Back before the Presidential debates, I suggested, naively, that as long as networks were devoting resources to fact-checking candidates, it would be more useful to viewers to have fact-checks appear in the lower third of the screen during the debates themselves. You don’t really counter a lie (or mistake) told to 70 million people by correcting it for a million people or so the next day. Think of it as Pop-Up Fact Checking, I said.
We didn’t have that at the Hofstra town hall debate last night. But we did have, for one question at least, Candy Crowley.
The CNN moderator stepped in during an exchange over the fatal attack on the Benghazi consulate in Libya in September. President Obama said in the debate that he had described the killings as an act of terror. In his response, Mitt Romney seized on the gaffe–or what he supposed was one. From the transcript:
ROMNEY: [T]he president just said something which — which is that on the day after the attack he went into the Rose Garden and said that this was an act of terror.
OBAMA: That’s what I said.
ROMNEY: You said in the Rose Garden the day after the attack, it was an act of terror.
It was not a spontaneous demonstration, is that what you’re saying?
OBAMA: Please proceed governor.
ROMNEY: I want to make sure we get that for the record because it took the president 14 days before he called the attack in Benghazi an act of terror.
OBAMA: Get the transcript.
CROWLEY: It — it — it — he did in fact, sir. So let me — let me call it an act of terror…
OBAMA: Can you say that a little louder, Candy?
CROWLEY: He — he did call it an act of terror. It did as well take — it did as well take two weeks or so for the whole idea there being a riot out there about this tape to come out. You are correct about that.
Conservatives have already been pushing back on the fact-check, along different lines. Yes, Obama said “act of terror,” but he didn’t characterize it unambiguously and forcefully enough. Yes, he said “act of terror,” but he didn’t mean that to apply to Benghazi. (This despite the fact that the line immediately followed his mention of Benghazi.) Or: whether he used the words “act of terror” is a semantic point, but there are larger, more important points about how the Administration handled security and the aftermath.
That last may well be very true. There are many legitimate, larger arguments and criticisms Romney could have made in that instant. (As Crowley herself references.) But he didn’t. He made a specific, semantic one. He did it, to all appearances, deliberately, whether it was prepped or he was freelancing in the moment: locking eyes with the President, turning to him forcefully, pressing him like a prosecutor to stand by his use of one very particular phrasing.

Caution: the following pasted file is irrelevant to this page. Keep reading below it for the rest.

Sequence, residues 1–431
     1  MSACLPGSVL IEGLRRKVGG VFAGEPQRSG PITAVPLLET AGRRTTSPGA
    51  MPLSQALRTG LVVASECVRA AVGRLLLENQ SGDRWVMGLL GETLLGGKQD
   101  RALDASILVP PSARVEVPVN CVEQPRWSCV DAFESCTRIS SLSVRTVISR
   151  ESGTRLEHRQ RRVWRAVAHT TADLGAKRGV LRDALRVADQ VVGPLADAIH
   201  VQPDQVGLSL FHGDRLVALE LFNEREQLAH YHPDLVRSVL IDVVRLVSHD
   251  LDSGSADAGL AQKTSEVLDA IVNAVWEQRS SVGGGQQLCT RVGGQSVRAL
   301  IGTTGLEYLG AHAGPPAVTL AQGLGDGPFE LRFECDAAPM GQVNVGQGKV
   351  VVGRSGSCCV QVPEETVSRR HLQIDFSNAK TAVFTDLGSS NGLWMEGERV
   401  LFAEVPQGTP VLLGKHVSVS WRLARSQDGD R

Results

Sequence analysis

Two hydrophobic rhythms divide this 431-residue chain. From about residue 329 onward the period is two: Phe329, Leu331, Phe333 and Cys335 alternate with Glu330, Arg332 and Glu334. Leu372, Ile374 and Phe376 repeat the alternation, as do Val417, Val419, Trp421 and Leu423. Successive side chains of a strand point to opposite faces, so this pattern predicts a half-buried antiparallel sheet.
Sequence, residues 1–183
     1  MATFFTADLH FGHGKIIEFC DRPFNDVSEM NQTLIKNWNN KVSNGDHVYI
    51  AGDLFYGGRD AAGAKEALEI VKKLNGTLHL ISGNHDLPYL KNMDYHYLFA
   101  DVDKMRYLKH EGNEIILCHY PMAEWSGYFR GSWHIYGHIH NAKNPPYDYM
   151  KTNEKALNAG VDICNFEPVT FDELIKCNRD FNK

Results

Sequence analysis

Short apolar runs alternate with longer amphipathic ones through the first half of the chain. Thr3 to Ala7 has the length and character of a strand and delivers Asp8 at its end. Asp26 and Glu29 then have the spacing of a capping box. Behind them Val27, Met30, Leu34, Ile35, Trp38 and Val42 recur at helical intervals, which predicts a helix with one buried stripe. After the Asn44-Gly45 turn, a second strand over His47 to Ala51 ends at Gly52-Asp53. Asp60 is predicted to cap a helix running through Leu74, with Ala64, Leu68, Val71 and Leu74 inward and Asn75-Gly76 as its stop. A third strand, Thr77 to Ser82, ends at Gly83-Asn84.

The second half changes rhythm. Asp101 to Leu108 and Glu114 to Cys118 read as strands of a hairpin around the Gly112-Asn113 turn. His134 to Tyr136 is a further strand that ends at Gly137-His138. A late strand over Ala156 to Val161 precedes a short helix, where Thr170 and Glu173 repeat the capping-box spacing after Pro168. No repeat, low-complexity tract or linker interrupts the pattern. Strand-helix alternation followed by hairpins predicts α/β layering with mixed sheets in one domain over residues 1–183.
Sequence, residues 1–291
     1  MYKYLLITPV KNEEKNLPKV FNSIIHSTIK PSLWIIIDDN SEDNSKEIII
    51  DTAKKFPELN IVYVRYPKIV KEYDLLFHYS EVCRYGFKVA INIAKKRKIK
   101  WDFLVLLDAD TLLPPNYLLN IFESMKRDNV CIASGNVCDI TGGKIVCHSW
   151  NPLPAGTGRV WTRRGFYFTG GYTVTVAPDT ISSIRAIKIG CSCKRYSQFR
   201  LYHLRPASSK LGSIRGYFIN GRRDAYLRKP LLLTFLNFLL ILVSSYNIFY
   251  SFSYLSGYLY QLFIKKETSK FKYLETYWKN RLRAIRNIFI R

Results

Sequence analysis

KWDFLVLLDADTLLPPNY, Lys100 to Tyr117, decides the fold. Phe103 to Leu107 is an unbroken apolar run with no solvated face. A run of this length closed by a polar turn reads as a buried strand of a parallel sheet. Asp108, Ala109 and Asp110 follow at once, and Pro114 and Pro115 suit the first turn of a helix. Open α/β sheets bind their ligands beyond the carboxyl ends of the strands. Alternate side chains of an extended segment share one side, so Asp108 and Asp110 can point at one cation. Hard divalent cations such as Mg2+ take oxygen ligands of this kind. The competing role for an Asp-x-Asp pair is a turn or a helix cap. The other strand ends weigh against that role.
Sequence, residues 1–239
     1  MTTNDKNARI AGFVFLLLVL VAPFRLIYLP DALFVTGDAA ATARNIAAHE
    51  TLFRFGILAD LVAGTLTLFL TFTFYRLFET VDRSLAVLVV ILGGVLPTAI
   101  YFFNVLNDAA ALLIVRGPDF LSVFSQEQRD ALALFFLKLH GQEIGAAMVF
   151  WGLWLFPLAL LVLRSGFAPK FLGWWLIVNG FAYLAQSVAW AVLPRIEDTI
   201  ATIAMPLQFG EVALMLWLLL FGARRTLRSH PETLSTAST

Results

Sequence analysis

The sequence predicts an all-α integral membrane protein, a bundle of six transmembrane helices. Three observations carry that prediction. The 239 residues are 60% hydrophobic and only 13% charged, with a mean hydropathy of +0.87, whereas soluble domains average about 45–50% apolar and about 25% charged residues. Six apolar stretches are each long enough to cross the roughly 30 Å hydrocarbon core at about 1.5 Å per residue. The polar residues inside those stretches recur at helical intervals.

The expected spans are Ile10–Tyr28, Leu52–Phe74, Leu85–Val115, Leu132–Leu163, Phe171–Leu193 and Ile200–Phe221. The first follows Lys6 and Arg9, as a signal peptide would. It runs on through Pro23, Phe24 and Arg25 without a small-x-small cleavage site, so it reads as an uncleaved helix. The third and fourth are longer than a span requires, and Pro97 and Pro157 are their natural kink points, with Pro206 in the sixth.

Romney had the look of a candidate trying to create a “moment”: if it worked, he would have dramatically caught the President in an objective lie about his words on national TV. Game, set, match. But he got it wrong, ignoring the advice of thousands of hours of TV legal dramas: Never ask a question you don’t already know the answer to.
And, importantly, Crowley called it out—in the moment. There’s simply a tremendous difference between correcting a statement live—in front of one of the biggest TV audiences of the year—and doing it the next day in a sidebar somewhere. Had Crowley not confirmed what was on the transcript, imagine how differently the exchange would have played, no matter what the fact-checkers said today. (Disclosure, by the way: CNN, as you can read at the top of this page, is a corporate sibling of TIME. But go ahead and Google my past reviews—I’ve been plenty unkind to them, for plenty of reasons, in the past.)
Crowley’s action was also an example of the limits of fact-checking for debate moderators. There are any number of things she didn’t fact-check, from simple facts to insinuations to larger truths. “Acts of terror” was an example of the one thing a moderator could reasonably catch in real time: a simple contested claim about a direct quote for which there’s a record, as opposed to a budget claim with competing tax analyses to weigh. And even at that, it’s a ballsy move: if the fact-checker is wrong on that specific fact in the moment, it would be a disaster for her and deeply unfair to the “corrected” candidate.
But that’s why you have experienced journalists moderate debates. It’s why you have journalists cover elections, period—not to stand back and say, “Well, one guy says the transcript says this, the other one says it says that, and who are we to judge the truth?”
Partisans are going to debate what Crowley did, but a good chunk of the electorate wants that. In the room at Hofstra, people clapped. You can say that they were partisans happy that their side scored one. But for having the chance to check a direct, verifiable fact and not ducking it, Crowley deserved a round of applause.
Update: Here, my standard disclosure: I voted for Obama in ’08 and plan to do so again in ’12. To paraphrase Walter Mondale: most people who write about politics have voting preferences; the difference is, they won’t tell you theirs and I just did. To read my fuller thoughts on political writing and disclosure, click here